Speaking to Bloomberg, Chris Weber, president of Nokiaâ€™s North America unit, said with the Lumia 900â€™s success the company was now back in USA, but needed to expand to more carriers.
â€œWeâ€™ve had a great start with T-Mobile and AT&T,â€ he said â€œBut thatâ€™s just a start.â€
â€œWeâ€™re back in the U.S., weâ€™re back in Canada — itâ€™s exciting, but thereâ€™s more work to do.â€
He continued, saying the key to getting more Lumia phones into consumersâ€™ hands is giving each carrier a â€œunique proposition,â€ so they can show how the devices stand out from the iPhone or Android models.
While only AT&T and T-Mobile offer the Lumia phones now, Verizon Wireless has said itâ€™s preparing to add a new Nokia model to its line-up. Weberâ€™s comment suggests this will be a differentiated product.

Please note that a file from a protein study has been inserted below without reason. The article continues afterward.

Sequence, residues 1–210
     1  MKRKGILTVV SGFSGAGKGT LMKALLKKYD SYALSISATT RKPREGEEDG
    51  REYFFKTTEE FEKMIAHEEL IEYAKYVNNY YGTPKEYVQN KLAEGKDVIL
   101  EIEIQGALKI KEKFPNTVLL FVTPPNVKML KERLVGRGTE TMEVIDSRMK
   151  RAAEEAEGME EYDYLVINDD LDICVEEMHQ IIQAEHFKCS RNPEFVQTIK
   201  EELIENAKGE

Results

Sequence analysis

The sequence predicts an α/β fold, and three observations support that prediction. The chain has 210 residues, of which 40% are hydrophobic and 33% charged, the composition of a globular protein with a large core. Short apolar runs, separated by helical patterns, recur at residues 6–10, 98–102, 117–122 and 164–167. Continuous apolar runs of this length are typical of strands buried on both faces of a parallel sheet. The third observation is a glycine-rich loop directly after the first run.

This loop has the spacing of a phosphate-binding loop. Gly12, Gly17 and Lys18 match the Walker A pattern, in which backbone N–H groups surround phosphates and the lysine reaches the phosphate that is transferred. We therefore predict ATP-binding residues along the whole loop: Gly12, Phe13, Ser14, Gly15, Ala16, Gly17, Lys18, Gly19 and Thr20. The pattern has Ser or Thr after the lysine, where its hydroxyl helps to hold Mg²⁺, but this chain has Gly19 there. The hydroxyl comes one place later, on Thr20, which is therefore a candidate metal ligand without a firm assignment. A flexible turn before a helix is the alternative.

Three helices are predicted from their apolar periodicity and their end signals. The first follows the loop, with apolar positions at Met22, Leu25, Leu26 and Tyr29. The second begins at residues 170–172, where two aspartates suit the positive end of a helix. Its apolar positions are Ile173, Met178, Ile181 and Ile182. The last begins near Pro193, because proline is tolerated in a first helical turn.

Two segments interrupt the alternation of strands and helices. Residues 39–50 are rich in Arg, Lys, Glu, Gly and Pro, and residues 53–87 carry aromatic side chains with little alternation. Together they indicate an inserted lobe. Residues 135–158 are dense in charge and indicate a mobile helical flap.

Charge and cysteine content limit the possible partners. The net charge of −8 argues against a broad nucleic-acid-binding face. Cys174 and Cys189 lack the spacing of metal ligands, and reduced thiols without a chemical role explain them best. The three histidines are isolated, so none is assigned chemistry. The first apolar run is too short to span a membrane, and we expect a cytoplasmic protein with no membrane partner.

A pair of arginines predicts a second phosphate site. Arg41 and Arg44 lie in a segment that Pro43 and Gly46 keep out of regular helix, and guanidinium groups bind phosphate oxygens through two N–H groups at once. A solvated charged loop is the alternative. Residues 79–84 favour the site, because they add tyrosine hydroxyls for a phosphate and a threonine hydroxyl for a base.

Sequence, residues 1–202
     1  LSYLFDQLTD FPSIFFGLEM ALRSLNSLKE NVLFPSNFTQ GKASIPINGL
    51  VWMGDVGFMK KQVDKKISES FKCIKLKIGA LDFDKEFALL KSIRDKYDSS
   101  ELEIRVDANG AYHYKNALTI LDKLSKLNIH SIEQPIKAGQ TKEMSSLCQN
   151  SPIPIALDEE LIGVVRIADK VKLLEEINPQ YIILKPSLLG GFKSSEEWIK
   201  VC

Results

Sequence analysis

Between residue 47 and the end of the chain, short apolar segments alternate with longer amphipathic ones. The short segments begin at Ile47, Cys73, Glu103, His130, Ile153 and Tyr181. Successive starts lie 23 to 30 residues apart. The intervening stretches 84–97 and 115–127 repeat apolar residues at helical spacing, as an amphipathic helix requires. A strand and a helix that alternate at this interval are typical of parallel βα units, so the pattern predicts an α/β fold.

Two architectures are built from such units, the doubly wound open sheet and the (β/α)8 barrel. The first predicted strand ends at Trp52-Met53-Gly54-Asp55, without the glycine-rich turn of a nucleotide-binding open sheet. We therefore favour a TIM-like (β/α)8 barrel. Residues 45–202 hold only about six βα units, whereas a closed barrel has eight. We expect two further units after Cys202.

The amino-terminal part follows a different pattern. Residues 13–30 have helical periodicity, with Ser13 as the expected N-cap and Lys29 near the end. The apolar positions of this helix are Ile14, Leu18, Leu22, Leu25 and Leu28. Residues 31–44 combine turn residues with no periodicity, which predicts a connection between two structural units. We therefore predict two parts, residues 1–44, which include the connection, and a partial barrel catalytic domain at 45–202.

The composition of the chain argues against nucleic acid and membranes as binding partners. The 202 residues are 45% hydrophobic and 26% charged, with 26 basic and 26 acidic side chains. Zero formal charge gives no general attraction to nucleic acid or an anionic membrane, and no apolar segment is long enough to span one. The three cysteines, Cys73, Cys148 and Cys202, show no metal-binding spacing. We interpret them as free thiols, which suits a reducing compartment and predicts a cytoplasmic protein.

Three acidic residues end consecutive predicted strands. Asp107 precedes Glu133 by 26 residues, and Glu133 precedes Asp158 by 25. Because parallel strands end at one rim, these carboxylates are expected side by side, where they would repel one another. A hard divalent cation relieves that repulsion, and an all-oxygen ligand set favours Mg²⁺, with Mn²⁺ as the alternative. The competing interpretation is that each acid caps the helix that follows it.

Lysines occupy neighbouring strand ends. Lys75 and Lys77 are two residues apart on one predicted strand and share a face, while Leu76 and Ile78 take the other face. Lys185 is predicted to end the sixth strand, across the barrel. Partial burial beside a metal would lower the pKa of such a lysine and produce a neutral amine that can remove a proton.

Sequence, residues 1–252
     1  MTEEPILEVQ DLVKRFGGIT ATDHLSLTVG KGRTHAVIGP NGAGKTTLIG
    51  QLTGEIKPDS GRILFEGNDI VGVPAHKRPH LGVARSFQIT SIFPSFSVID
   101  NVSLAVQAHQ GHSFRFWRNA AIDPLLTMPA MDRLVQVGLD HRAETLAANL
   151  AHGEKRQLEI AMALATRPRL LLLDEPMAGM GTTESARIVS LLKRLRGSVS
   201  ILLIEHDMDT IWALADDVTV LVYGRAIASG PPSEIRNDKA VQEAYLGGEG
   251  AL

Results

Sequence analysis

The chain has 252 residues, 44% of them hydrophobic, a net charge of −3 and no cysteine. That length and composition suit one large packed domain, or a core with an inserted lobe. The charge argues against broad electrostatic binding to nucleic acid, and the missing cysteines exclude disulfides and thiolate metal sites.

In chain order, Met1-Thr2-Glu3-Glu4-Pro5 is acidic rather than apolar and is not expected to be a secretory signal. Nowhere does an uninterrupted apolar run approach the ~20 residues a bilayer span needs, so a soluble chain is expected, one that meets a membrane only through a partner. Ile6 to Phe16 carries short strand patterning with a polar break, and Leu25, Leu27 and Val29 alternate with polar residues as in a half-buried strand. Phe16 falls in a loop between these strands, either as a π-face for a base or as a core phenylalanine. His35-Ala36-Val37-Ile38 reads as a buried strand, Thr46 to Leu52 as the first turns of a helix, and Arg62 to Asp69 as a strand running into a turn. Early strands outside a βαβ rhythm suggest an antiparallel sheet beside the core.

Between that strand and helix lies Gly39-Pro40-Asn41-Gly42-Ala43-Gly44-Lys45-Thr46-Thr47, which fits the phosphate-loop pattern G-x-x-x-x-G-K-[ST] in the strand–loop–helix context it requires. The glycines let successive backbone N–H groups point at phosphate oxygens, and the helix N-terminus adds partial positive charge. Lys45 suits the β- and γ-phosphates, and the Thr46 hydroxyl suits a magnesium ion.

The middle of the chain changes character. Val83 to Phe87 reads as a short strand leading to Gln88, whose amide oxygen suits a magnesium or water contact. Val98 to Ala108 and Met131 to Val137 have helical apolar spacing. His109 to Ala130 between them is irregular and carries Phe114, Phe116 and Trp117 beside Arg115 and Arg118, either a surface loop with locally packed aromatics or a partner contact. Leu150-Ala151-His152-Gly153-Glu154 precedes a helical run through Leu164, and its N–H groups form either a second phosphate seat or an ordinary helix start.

Speaking about the future of Nokia, who is in financial troubled waters, he noted the difference between RIM and Nokia is that RIM does not have a partner the size of Microsoft to build an ecosystem that can compete with Apple and Google. In addition to creating the operating system and encouraging software developers to use it, the company prods phone retailers and other partners to offer incentives and in-store promotions.
â€œThere are only a few companies in the world who can build an ecosystem that scales to what consumers demand,â€ Weber said. â€œRight now my view is that itâ€™s Apple, Google and Microsoft because it takes deep pockets, lots of engineering talent, and the scale and scope globally to build that ecosystem.â€
Read more at Bloomberg here.